[Python-Dev] extended print statement, uPre-PEP
Sun, 23 Jul 2000 22:55:36 -0400
> I'm not sure how Python's parser manages to get that [``1+2`+`3+4``]
> straight! In Prescodese, it would be (except that $(x) is presumably
> str(x) rather than repr(x)):
> print $"$($(1+2)+$(3+4))"
> which at least makes the grouping clear. I'm all for it.
> Egad. It's enough to make me think twice about my own proposal. :)
> Nevertheless, I agree it's clearer than your tick-example which almost
> made me run for my plotted plant.
Yes, both examples suck, but distinct left & right bracketing characters at
least make the extremes tractable. They also make the usual cases obvious,
as some of us have learned from languages that suck <wink>.
> As happy as I am to have it called Prescod-ese, I admit to influence
> from some languages that (otherwise) suck. :)
Indeed, if Perl got the philosophy wrong but many details right, then Python
may be open to the opposite critique. BTW, triple-quoted strings got added
to Python after I whined (& whined, & whined) on c.l.py that I was writing
some block-output generating programs in Perl because pasting screen-width
strings with explicit newlines together was driving me nuts in Python.
Wouldn't be the first time we stole the heart of a decent detail from Perl!
"%(name)format" % dict
is great (& better than Perl) for fine-grained control of formatting, but
we're missing Perl's ease in the vast area between that and what plain
"print" can do. Perl's got nothing to be ashamed of here: Larry looked at
the mass of insanely convoluted quoting and interpolation rules from the
Unix shells and from Tcl, and came up with something downright Pythonic in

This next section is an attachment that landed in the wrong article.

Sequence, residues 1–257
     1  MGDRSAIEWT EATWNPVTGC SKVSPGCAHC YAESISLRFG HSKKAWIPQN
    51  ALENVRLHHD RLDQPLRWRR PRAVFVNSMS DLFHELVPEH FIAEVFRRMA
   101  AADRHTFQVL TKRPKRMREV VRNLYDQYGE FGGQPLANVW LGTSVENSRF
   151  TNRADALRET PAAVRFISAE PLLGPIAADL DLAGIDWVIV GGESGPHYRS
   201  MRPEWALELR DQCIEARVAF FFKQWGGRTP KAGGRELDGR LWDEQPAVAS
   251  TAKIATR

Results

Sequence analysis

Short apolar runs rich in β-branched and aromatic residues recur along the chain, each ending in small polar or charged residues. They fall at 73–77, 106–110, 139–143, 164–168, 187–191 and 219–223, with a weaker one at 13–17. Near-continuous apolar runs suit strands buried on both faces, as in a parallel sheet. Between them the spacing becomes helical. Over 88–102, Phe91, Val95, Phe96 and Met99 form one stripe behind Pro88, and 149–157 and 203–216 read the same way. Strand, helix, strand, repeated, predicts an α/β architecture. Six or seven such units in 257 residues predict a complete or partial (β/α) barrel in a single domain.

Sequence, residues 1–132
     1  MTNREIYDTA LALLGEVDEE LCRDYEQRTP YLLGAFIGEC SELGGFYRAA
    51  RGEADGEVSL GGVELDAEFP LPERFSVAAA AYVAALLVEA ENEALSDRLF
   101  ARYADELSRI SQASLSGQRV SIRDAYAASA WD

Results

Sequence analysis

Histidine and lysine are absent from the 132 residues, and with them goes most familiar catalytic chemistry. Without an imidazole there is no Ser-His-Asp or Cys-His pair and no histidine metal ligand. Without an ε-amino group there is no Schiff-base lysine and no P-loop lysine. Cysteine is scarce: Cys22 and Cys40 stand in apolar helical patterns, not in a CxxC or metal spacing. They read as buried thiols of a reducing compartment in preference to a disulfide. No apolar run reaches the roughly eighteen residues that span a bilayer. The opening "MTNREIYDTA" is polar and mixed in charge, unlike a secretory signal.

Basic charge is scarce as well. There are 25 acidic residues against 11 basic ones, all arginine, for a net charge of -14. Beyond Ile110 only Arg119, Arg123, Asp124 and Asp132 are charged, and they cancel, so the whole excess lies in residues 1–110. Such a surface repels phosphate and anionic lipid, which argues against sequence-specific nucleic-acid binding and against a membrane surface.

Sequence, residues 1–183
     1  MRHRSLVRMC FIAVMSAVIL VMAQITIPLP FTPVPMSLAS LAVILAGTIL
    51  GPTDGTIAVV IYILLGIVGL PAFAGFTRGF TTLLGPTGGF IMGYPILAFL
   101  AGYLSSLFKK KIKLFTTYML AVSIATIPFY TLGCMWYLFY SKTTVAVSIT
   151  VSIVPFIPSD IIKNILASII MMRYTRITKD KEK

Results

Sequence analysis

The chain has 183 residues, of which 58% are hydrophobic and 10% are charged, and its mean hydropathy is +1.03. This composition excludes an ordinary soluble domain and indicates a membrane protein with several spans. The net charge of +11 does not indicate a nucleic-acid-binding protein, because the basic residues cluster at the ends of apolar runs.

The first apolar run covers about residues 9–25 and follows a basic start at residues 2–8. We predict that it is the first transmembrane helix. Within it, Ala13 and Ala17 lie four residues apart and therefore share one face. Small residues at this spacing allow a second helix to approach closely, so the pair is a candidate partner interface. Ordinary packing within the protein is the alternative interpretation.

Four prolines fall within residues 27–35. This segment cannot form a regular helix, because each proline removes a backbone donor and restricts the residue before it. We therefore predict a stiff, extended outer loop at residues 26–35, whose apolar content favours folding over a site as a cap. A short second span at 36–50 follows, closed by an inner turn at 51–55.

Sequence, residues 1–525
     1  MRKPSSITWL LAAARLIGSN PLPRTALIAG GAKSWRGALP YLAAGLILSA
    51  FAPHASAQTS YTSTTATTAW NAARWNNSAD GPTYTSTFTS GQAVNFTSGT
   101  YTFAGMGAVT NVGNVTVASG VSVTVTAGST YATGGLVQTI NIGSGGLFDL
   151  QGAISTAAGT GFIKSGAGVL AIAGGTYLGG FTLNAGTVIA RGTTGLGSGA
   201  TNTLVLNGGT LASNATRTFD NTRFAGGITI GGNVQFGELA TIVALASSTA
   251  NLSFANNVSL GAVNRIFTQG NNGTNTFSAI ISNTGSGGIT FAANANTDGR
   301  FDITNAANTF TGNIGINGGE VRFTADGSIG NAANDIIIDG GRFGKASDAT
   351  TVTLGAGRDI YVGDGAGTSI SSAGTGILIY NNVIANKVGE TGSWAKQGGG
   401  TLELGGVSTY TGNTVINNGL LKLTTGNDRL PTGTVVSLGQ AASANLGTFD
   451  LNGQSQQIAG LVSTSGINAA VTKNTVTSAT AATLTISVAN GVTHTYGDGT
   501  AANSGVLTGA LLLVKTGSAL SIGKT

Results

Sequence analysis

its uniformity and simplicity. Except he couldn't resist pushing it too far
(e.g., trying to *guess* whether "" are literal characters or an indexing
operator in "$a[$b]").
BTW, at the time, half the people on c.l.py complained that triple-quoted
strings were unnecessary feature bloat too. Jeez, if I cared about what was
*necessary*, I'd program in Scheme <0.3 wink>.
BTW too, in "There should be one-- and preferably only one --obvious way to
do it", "obvious" doesn't mean instantly understandable to someone from
Mars. Nothing in computer languages is obvious in that sense. It means
more "easy to learn and hard to forget once you know it", and that the vast
majority of people who know the language are likely to spell it the same
way. Sequence slicing is the perfect example: newbies are routinely
baffled by it, but once they get it they never lose it, and all of us use
it. Pushing and popping sys.stdout doesn't qualify as obvious that way,
ditto the twenty ways to paste the output you want together by hand now
(note that whenever this pops up on c.l.py, about as many alternatives are
suggested as there are responses -- unPythonic).
we-can-leave-python-alone-when-it-finishes-becoming-python-ly y'rs - tim